Sun. Jun 4th, 2023

    A group of young Ukrainians near the Donbas war front is making combat drones to carry bombs inscribed with messages for their Russian enemies: AFP video

    A group of tech-savvy Ukrainian soldiers is making drones and explosives to be used at the front line of the conflict in the country’s Donbas region.

    A team of young soldiers in Ukraine is building drones and explosives to be used on the front lines.They are creating drones loaded with bombs to be used in combat in the Donbas region.Some of the bombs come inscribed with messages like “happy birthday.”

    A new Agence France-Presse video shows a group of young Ukrainian troops making drones and bombs from a basement close to the front lines of the ongoing conflict in the country’s Donbas region.

    In the video, a group of around a dozen men in fatigues is seen working on small, remotely-piloted robots. AFP reported that the devices were scavenged from damaged aircraft.

    The AFP video, which describes the men as a “group of 20-somethings,” also shows a soldier named Varnak, who has been tasked with packing the robots with explosives.

    “Their job is to make it move. My job is to make it explode, to fill it with explosives as effectively as possible so that it does the most damage to the enemy, or their tanks, or other military equipment,” he told the outlet.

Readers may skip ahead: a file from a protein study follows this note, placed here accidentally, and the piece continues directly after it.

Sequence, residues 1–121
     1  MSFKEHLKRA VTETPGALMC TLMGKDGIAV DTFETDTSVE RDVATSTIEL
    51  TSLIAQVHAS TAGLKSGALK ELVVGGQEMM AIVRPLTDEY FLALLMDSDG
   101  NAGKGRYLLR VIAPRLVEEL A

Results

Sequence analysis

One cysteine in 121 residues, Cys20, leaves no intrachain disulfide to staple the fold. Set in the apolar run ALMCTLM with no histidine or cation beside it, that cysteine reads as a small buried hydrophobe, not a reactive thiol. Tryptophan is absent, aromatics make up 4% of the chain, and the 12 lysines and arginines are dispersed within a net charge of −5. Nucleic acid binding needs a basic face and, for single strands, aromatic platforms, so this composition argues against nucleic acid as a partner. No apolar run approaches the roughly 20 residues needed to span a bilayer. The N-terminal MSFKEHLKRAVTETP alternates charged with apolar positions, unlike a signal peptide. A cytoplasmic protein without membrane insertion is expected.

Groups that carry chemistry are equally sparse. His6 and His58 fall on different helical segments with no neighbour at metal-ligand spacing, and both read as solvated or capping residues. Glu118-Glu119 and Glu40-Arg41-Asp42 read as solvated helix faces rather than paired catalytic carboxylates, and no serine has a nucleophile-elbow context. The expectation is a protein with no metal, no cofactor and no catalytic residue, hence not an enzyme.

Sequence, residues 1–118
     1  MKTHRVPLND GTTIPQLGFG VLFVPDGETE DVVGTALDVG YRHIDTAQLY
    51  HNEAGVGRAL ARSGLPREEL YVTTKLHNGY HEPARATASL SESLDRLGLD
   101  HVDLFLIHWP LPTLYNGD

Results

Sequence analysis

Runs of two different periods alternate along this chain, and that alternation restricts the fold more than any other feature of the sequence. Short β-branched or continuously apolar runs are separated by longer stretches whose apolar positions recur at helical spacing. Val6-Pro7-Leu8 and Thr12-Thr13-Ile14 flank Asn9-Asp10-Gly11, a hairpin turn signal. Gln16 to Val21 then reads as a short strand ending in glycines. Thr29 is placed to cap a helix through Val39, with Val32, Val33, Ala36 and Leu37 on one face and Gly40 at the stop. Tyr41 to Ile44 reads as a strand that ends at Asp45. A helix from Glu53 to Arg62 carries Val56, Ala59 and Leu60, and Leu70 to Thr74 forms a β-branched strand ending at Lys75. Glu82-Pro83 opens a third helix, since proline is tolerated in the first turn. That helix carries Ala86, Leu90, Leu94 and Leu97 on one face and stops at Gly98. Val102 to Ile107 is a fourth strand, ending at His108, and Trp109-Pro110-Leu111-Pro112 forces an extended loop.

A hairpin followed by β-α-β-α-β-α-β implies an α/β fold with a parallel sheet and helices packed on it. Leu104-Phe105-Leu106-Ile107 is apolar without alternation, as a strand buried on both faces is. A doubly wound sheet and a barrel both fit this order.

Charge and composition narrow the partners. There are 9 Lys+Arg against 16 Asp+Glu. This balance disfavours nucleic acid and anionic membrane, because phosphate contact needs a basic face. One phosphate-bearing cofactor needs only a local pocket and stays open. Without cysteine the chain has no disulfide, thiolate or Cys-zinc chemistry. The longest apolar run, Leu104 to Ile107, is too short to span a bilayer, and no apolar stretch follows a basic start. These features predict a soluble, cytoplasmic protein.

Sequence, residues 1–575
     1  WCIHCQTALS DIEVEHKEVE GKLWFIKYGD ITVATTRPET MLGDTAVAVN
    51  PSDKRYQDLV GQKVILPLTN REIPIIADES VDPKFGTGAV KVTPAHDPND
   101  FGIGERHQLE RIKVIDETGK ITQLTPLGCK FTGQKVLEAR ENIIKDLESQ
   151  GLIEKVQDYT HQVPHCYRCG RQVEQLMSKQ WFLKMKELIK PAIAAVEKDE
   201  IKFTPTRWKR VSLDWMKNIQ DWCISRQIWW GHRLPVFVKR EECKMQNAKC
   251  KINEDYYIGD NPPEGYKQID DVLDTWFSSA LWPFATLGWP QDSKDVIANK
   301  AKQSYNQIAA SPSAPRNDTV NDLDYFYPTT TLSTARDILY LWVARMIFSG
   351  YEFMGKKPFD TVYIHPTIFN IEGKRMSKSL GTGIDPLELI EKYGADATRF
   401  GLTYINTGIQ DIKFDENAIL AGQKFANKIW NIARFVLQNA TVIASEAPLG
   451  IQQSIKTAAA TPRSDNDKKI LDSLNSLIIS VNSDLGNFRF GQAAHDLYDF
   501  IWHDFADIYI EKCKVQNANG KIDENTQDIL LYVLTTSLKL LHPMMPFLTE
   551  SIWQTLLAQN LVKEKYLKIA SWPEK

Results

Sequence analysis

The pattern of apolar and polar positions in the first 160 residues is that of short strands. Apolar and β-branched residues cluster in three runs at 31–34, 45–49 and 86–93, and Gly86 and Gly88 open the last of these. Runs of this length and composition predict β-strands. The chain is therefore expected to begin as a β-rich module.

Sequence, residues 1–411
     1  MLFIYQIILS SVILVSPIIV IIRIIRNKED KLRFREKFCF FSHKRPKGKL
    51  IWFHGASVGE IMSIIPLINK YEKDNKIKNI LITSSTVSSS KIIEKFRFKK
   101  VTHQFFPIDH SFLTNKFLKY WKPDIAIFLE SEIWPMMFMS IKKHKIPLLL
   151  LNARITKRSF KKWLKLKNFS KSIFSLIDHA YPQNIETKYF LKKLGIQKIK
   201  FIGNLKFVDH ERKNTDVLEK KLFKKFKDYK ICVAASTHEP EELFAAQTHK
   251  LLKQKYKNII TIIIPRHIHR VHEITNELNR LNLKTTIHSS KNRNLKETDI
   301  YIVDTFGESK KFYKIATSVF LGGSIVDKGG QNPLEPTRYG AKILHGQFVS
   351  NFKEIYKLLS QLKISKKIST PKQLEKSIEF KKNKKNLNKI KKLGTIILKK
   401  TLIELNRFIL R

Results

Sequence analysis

Also seen in the video were bombs made by the team, which come inscribed with personal messages to their Russian enemies, including the sarcastic “happy birthday” and the matter-of-fact “today is a Wednesday, man.”

    These message-inscribed bombs are meant to be dropped from drones.

    Ukraine has been wresting large swathes of territory from the Russians, particularly in the Kharkiv region.

    However, the skies over the highly-contested eastern Donbas have been the site of a fierce aerial battle, with the Ukrainians leaning on drones created by its fighters — many of whom are tech enthusiasts — to be flown in combat.

    The US has also sent thousands of drones to Ukraine for use in the ongoing conflict. The figure includes 121 Phoenix Ghosts, a type of unmanned aerial system that can be launched by front-line troops for single attacks.

    Read the original article on Business Insider


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